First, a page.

discounts on other items and free shooting range time for Mr.
Price and his companion. [Filing No. 1 at 7.] Mr.
Price reiterated to the Store that he had no intention of
completing the transaction initiated on October 10, 2018 and
that he wanted a cash refund. [Filing No. 1 at 7.]
October 16, 2018, the Store contacted Mr. Price to advise him
that the purchased ammunition was ready to be picked up.
[Filing No. 1 at 8.] Mr. Price and his girlfriend
went to the store to pick up the order and to purchase
additional ammunition. [Filing No. 1 at 8.] Mr.
Price's girlfriend did not have money with her and she
asked Mr. Price to pay for the ammunition for her, which he
did. [Filing No. 1 at 8.] The following day, Mr.
Price contacted the Store and advised it that he would be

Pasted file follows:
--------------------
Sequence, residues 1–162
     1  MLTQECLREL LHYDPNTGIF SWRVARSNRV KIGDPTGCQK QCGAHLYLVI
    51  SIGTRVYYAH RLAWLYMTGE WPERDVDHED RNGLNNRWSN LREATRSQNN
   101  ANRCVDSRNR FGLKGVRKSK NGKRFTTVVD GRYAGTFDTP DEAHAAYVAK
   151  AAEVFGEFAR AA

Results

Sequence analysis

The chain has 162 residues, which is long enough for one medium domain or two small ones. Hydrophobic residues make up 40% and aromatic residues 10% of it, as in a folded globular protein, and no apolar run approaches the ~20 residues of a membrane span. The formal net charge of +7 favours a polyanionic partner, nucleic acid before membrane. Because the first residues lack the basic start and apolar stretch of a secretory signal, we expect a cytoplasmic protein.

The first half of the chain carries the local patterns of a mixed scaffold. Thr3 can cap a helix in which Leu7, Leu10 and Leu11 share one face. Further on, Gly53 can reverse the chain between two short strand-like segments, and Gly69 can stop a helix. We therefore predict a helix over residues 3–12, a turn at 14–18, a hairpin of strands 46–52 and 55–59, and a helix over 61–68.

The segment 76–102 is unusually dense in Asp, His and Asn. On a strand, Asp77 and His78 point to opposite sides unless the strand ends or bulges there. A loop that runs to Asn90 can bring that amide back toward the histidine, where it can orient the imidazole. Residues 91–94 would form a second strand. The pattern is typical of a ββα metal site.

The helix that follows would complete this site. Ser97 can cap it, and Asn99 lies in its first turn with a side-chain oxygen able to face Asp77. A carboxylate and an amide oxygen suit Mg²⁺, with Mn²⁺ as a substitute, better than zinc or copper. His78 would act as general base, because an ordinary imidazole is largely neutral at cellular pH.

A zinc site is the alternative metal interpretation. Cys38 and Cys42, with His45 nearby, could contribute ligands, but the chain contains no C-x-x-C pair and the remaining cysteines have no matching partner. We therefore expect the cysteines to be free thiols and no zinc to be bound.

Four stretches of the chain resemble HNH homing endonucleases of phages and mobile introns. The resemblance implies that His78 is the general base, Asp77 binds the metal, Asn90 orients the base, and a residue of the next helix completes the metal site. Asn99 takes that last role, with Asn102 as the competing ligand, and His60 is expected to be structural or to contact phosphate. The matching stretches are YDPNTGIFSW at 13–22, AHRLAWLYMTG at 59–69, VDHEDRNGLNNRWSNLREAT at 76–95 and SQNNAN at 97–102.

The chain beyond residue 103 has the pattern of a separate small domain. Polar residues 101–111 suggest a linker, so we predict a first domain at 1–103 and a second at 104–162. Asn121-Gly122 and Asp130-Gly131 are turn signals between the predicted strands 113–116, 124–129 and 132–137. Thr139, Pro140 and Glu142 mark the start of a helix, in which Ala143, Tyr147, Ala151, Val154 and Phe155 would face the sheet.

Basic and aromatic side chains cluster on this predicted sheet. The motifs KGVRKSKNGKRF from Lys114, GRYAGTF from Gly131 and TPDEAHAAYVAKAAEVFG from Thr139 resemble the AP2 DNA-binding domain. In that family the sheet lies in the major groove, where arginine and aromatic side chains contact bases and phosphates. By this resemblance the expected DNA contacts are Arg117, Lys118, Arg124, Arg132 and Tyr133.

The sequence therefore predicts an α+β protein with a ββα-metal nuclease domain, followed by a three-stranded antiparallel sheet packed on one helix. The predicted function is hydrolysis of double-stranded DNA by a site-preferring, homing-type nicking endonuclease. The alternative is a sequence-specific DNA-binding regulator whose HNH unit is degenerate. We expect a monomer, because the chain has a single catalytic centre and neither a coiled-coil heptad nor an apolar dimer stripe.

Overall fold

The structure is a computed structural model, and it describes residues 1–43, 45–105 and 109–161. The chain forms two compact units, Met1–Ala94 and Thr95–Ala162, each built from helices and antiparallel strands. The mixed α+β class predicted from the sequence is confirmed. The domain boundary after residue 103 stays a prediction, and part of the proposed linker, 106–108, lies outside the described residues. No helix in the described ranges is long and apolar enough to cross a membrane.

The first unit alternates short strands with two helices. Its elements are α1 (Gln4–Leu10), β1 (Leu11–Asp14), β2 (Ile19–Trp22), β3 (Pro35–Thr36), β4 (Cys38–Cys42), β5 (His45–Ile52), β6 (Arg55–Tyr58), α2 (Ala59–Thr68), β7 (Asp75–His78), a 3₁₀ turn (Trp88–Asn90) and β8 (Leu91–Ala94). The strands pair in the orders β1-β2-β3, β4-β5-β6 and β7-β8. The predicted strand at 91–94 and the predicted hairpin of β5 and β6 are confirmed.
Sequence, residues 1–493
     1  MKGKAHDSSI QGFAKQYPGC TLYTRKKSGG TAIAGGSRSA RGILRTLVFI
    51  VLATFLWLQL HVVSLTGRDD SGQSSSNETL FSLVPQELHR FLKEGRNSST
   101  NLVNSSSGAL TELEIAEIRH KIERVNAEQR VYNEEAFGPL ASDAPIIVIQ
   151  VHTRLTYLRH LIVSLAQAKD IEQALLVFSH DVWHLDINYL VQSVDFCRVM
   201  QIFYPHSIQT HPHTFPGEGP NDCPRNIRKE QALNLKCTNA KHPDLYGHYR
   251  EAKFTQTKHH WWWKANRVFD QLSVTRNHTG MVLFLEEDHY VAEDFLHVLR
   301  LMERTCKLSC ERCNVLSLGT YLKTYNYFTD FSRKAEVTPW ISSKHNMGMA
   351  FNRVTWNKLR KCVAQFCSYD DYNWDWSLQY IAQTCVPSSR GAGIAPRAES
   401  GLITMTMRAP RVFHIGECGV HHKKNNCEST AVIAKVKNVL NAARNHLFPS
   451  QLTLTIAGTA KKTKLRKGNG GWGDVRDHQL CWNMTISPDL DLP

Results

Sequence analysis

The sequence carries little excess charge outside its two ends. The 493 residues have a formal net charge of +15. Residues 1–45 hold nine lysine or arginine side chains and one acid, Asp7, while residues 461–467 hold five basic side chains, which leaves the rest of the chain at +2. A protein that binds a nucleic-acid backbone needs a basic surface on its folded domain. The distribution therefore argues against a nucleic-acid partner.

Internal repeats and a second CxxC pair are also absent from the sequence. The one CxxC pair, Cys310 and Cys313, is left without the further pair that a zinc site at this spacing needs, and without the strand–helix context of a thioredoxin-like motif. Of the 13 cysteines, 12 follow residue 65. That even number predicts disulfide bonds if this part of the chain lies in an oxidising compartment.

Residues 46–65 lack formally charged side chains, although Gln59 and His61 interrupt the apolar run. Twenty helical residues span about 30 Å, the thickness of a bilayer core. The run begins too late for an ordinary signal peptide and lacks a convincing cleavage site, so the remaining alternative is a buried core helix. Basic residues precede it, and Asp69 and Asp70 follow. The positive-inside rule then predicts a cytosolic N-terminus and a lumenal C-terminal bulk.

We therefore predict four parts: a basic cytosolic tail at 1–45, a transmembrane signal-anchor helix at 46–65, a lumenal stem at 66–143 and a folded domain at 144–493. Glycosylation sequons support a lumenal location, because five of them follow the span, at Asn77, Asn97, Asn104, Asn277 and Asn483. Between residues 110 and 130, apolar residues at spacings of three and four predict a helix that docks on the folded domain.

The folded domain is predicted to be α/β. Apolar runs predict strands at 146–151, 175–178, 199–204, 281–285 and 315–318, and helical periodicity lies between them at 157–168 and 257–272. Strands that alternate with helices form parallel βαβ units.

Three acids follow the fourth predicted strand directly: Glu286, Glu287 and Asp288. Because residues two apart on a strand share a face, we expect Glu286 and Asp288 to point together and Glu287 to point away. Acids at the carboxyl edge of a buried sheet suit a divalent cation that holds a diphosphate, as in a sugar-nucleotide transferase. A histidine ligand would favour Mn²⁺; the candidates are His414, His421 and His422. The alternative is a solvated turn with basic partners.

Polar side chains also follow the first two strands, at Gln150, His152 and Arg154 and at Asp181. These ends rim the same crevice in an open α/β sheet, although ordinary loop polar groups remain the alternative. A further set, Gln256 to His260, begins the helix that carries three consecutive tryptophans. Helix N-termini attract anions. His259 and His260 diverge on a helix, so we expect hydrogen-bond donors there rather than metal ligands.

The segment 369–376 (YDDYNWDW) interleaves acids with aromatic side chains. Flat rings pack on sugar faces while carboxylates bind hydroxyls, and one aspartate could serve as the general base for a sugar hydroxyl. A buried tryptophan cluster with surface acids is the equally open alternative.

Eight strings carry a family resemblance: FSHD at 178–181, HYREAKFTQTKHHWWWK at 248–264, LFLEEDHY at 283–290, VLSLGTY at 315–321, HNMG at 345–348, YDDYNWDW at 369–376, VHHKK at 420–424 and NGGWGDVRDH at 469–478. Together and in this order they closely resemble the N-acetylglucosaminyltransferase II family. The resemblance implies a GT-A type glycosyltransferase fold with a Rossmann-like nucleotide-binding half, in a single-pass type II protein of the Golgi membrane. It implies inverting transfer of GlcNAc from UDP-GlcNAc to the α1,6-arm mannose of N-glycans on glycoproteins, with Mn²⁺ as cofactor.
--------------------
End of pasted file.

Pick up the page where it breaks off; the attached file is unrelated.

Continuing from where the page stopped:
returning the ammunition he purchased on his first visit
because it was “an unnecessary purchase.”
[Filing No. 1 at 9.] The Store notified ATF Special
Agent Clancy of Mr. Price's phone call and advised him
that Mr. Price would be returning to the store that day.
[Filing No. 1 at 9.] When Mr. Price returned to the
store, Special Agent Clancy was “acting in an
un[der]cover capacity” and he and someone who worked
for the Store “literally placed a gun in [Mr.
Price's] hand, which constitutes a clear violation of the
Federal Firearms Laws set forth.” [Filing No. 1 at
9.] Mr. Price was only at the store that day to get a
cash refund, and the “[ATF] along with [the Store] used
that opportunity to apprehend [him] for a crime in which [the
Store] originally manufactured.” [Filing No. 1 at
November 2018, Mr. Price was indicted in the U.S. District
Court for the Southern District of Indiana for being a
prohibited person in possession of ammunition. [Filing
No. 1 at 2]; United States v. Price, No.
1:18-cr-348-JMS-MPB (S.D. Ind. filed Oct. 18, 2018). The
Criminal Complaint which initiated Mr. Price's criminal